I personally am GLAD that my dogs bark when someone comes. Its their way of warning the entire family. But I also expect them to be respectful of guests, of myself, and *stop* barking when I tell them thankyou.

Has your lab mastered the sit/stay command? Does she have a bed, or a spot she can sit on (a specific rug or blanket) that you can direct her to when someone is coming?
I most certainly agree with Bailey.

Here's a wonderful way to teach your dogs the "place" or "bed" cue that doesn't use aversives and can be lots of fun to practice. You can replace a clicker by using a verbal "yes" or "great."

http://www.youtube.com/watch?v=PQzXd...eature=related

Start working with each dog separately. The more you practice, the quicker they'll get it. Once they've got it without distractions, have friends/family help you out by coming to the door. You can also put up a sign by your front entrance, "Please be patient, dogs in training" so visitors don't ring the bell or knock repeatedly.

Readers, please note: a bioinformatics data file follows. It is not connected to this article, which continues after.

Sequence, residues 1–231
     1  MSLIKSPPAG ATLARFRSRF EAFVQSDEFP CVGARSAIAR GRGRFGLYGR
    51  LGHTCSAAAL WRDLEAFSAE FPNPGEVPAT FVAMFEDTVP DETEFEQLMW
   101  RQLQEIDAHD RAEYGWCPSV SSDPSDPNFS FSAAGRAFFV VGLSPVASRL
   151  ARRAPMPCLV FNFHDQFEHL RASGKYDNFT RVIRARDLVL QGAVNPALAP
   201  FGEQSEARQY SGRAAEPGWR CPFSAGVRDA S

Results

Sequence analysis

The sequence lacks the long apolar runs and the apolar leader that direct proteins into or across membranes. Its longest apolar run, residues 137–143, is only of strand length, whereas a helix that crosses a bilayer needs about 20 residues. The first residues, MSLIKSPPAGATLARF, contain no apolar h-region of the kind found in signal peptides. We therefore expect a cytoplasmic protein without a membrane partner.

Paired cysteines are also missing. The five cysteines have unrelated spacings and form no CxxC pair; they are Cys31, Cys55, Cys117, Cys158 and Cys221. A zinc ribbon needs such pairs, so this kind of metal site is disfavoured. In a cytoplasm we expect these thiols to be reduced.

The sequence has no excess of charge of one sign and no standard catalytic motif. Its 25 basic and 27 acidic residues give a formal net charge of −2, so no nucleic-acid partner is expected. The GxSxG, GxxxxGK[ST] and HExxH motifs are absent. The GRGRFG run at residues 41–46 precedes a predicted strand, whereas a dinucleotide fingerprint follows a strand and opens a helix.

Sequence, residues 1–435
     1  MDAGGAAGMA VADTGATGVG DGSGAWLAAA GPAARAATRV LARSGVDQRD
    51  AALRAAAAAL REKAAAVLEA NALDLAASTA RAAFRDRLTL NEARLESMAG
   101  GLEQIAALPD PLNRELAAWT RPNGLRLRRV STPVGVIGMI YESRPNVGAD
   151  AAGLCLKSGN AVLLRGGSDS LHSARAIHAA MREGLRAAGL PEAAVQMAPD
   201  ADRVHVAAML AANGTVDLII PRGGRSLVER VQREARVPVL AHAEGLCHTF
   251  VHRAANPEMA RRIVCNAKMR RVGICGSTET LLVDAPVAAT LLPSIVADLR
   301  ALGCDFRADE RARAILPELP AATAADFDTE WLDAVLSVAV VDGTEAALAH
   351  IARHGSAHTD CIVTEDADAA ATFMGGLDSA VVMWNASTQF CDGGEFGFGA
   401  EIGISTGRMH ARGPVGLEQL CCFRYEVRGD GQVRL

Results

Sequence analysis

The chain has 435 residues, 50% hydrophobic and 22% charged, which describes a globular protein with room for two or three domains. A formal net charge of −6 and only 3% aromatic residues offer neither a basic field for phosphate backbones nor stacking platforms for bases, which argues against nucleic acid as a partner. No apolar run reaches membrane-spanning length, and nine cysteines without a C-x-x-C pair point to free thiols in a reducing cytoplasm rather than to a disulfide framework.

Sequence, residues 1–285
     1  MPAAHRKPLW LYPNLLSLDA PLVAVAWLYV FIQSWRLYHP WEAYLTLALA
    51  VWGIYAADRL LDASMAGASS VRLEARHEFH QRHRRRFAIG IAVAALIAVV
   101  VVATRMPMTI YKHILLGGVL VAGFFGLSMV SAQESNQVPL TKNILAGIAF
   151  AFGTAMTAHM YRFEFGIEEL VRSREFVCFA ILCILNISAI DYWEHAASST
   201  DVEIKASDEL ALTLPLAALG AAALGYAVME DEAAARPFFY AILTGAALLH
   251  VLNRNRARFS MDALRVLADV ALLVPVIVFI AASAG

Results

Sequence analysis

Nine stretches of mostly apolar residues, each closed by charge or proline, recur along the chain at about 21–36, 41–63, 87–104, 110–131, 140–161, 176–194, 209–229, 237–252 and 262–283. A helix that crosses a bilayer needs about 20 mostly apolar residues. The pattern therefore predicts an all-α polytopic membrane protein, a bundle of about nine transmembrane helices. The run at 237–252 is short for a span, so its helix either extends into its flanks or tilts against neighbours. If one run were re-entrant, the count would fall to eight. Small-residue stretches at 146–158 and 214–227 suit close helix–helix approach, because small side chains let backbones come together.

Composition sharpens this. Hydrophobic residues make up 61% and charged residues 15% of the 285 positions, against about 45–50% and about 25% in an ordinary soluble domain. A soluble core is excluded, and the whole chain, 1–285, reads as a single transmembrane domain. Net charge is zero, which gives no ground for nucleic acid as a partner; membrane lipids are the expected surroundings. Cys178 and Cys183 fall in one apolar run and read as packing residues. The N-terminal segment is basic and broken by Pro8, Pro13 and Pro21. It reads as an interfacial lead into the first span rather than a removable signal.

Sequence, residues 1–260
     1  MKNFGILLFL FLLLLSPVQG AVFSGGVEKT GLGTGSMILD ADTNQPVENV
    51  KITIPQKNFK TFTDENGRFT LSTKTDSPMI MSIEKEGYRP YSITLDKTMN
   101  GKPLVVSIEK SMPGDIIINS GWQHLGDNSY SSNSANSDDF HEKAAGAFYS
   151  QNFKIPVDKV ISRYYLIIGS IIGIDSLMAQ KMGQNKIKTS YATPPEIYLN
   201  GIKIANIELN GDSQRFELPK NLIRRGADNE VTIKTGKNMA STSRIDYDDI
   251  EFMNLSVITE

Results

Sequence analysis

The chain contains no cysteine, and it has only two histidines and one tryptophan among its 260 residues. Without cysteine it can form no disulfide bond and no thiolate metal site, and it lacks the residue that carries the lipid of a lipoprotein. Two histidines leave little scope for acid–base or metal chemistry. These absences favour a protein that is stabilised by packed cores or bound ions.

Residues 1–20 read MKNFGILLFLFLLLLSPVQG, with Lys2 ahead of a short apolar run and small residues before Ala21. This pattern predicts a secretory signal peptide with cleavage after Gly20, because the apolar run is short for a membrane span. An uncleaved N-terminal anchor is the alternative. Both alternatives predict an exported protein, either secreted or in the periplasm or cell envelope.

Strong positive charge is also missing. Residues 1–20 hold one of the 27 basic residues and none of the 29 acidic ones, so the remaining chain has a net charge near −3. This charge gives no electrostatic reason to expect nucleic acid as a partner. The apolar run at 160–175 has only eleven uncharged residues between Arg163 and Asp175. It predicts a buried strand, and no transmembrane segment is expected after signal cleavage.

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Old January 8th, 2010, 09:24 PM
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Frenchy Frenchy is offline
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I knew LP was going to answer this post

Pennyyyyyyyyyyyyyyyyyyy !
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Old January 8th, 2010, 10:09 PM
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luckypenny luckypenny is offline
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Oh, and if you have friends like Frenchy who get down on the floor and talk high pitched and excitedly to your dogs while tickling their belies....umm, the exercises won't work .